Kate Pollard

Sad news arrives that Totterdown community activist/whirlwind Kate Pollard died in hospital in Sydney on January 2nd after a long fight against cancer. Kate died with her family in Australia, which is where she wanted to be.

Kate will be well known to many people in Totterdown – where she made her home – as well as in many other communities across Bristol. Through a long community work career Kate battled daily against injustice alongside other ordinary Bristolians making those small differences that we often take for granted but that really matter.

In Totterdown, Kate’s kindness, common sense, empathy and organisational skills allied to an extraordinary ability to persuade and cajole the people around her to stop watching the telly and actually do something will be sorely missed.

Even up until Christmas, despite a debilitating illness and all the way from Australia, Kate was still contacting Totterdown residents, using those persuasive skills to make sure the things that neeeded doing were going to be done.

Towards the end of 2006 Kate published her book, Totterdown Rising. The full title of the book is revealing : Totterdown Rising: The Story of a Community Enduring and Surviving a Planning Disaster.

It was typically Kate that a book about a community that was deliberately split in half and decimated to make way for a road that was never built, was not about a community beaten into submission by a hopeless council’s misguided obsession with the motor car but a story of how people rebuilt their community and reinvented that special Spirit of Totterdown right there in the face of uncaring and misguided government.

Kate was no victim; she stood on her own two feet. And she understood that people and communities had to stand on their own two feet too. You should never just be the passive and convenient victims of the grand schemes of those in power. Communities and their people, regardless of circumstance, can always rise again and fight for another, better day.

In a time when every two-bit political careerist and calculating bureaucrat perfectly understands the financial value and political utility of ‘the community’ to their own plans and their business partners’ profits, Kate understood and could communicate the real value of our communities here in Bristol – they’re our places to live, work, love, learn, laugh, cry, organise, manage, fight, win, endure, survive and sadly, die.

Friends of Kate in Totterdown will be organising a bash in a few months time with music and dancing and revelry to celebrate Kate’s life. If you knew Kate and want to be involved, email the Blogger and your details will be passed on.

This entry was posted in Activism, Bristol, Bristol South, Local government, Politics, Totterdown, Transport and tagged , , . Bookmark the permalink.

10 Responses to Kate Pollard

  1. Jozer says:

    RIP to her. This is all new to me. How was Tott ‘split in half’? The only main road through it is the A4? I would like to hear more.

  2. thebristolblogger says:

    Here’s what the Three Lamps once looked like until the council glory boys set about it.

  3. Jozer says:

    I see.The bottom of the hill. Everything levelled to make the A4 & A37 into trunk routes. But what was the road ‘that was never built’?

  4. Bristol Dave says:

    News to me too, I’ve only lived in South Bristol for a few years and never had anything to do with Totterdown. Even so, she sounds like the kind of person the city and the world need many, many more of.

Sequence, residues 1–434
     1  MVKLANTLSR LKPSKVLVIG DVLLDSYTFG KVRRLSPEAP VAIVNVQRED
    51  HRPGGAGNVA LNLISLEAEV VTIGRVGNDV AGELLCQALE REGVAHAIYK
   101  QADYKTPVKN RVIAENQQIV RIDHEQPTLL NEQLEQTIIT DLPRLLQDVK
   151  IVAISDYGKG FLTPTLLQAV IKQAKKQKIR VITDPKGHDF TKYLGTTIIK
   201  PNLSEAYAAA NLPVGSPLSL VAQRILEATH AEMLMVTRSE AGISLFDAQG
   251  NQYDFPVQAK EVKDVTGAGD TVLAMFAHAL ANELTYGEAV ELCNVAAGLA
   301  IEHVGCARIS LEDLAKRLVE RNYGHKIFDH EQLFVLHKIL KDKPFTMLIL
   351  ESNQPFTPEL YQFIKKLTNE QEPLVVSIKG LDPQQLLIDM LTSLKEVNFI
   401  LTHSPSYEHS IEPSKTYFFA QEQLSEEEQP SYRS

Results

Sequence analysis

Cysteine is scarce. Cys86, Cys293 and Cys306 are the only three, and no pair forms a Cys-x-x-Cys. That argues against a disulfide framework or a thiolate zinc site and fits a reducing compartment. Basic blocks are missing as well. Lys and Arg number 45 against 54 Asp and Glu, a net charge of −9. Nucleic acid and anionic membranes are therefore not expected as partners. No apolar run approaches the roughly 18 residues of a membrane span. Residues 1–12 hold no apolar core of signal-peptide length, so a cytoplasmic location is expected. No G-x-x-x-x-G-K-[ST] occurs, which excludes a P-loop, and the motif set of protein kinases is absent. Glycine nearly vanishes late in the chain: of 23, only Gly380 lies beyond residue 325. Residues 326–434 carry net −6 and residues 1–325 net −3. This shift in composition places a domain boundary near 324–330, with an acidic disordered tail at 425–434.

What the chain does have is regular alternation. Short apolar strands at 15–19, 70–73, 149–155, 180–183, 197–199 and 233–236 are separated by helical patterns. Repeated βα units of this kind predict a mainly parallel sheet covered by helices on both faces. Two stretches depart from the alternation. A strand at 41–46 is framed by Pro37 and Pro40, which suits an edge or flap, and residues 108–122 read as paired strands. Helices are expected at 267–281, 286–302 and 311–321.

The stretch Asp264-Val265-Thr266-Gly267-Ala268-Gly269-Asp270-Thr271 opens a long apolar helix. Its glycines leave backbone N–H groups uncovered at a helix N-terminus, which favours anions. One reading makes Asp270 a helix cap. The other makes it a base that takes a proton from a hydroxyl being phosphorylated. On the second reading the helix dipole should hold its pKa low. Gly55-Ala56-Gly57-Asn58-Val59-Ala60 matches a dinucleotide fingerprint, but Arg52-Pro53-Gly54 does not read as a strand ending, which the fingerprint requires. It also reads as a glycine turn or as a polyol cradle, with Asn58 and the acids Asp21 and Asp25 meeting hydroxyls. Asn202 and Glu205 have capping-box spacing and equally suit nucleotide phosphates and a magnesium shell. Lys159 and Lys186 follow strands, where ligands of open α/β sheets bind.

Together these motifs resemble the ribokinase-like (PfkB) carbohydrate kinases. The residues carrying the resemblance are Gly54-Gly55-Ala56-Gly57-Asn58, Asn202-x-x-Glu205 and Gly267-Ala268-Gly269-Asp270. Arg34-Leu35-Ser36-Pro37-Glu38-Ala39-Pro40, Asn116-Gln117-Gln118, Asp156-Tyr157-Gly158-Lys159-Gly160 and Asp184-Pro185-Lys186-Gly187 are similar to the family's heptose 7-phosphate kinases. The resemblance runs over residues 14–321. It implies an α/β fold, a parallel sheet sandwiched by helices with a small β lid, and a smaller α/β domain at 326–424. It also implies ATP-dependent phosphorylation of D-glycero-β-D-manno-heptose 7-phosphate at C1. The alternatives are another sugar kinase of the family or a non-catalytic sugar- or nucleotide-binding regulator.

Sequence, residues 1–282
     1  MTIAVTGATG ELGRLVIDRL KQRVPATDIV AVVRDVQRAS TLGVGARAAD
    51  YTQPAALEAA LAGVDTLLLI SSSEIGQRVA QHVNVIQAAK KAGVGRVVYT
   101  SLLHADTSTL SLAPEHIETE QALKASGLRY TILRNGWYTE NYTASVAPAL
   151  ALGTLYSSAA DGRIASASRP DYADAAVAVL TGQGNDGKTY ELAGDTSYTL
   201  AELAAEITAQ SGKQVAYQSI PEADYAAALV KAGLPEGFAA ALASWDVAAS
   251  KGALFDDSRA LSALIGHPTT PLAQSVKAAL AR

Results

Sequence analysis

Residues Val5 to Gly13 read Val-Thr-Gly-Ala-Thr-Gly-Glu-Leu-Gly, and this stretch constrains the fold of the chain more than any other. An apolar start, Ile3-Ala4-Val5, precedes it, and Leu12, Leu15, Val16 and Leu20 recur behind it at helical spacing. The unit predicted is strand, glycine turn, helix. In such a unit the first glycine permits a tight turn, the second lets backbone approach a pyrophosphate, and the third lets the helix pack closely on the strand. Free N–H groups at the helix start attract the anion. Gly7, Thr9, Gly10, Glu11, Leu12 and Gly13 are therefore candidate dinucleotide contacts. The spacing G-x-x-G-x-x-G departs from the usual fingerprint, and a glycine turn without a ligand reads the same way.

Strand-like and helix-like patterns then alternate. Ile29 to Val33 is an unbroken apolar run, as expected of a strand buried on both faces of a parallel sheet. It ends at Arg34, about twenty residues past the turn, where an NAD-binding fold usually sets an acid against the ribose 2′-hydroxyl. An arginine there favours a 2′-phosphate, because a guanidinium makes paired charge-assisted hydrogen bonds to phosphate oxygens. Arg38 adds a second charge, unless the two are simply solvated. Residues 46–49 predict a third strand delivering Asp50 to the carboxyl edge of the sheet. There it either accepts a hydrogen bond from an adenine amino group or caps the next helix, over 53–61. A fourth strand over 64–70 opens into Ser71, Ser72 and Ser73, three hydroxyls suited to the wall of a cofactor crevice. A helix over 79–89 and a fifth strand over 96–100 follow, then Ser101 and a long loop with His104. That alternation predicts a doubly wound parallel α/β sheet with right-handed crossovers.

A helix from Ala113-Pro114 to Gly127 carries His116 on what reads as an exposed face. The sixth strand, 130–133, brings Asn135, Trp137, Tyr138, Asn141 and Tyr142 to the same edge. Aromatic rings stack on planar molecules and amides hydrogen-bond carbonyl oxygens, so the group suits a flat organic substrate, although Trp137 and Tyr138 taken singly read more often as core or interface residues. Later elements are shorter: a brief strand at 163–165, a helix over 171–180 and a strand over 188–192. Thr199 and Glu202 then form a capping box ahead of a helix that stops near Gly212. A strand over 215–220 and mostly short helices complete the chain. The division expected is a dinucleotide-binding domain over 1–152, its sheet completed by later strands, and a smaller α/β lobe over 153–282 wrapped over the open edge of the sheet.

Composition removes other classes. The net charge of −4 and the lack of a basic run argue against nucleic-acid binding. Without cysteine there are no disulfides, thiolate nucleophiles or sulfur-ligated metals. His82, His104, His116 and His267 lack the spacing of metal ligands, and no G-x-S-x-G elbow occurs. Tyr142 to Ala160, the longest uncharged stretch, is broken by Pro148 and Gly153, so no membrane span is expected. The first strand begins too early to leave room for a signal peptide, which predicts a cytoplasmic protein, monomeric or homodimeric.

RIP.

  5. thebristolblogger says:

    The road was the proposed outer circuit road. Totterdown was demolished to make way for an interchange. The only part of the road that exists is Easton Way. Ask residents of Easton how they feel about it.

    It was proposed it would go through Clifton and St Pauls too. Utterly bonkers. But then this was a council seriously proposing to fill in the docks and put a road in there too.

  6. Finbar Cullen says:

    I worked with Kate a few years ago in St Pauls. Lovely person, great loss.

  7. TonyD says:

    Condolences to Kate’s family – it was people like Kate who reminded us that the graphs and artistic impressions on planners and developers charts dramatically affect the lives of real living people.

    http://www.gertlushonline.co.uk/floating-harbour-fight.html

    http://flickr.com/photos/fray_bentos/2291192530/

  8. Zoe Pollard says:

    Many thanks for the tribute to my Mum (kate Pollard) I always knew she was an amazing woman the fact that she’s made such a difference in the community and inspired so many people, will help our family through our loss.

  9. Judith says:

    I knew Kate as a neighbour (in St Andrews) and friend; I was impressed by her knowledge and passion for dark ages history and archaeology, something I think she learned from her mother. She had had a hard life but was stoical and positive, never complainingbut getting on with life. We lost touch after both moving house, but I am very sorry that her vivacious spark of life has been put out.

  10. deni says:

    I answered an an evening post ad to flat share with a single mum. That was 40 years ago. That was Kate. Nine years my senior she was my hero from the day we met. Her magic was motivating others to make their own magic. She encouraged and thus empowered. At 20 years old with a young son I went back into nine years of full time education as a direct result of flat sharing with Kate all that time ago. I last saw her a three years ago when she and Zoe visited me in
    Portugal. Kate was never sentimental but she had a heart the size of an elephant’s which manifested itself in the most practical, hands-on, result orientated help and support in all manner of ways to all manner of people. Infact , Kake herself had manna.

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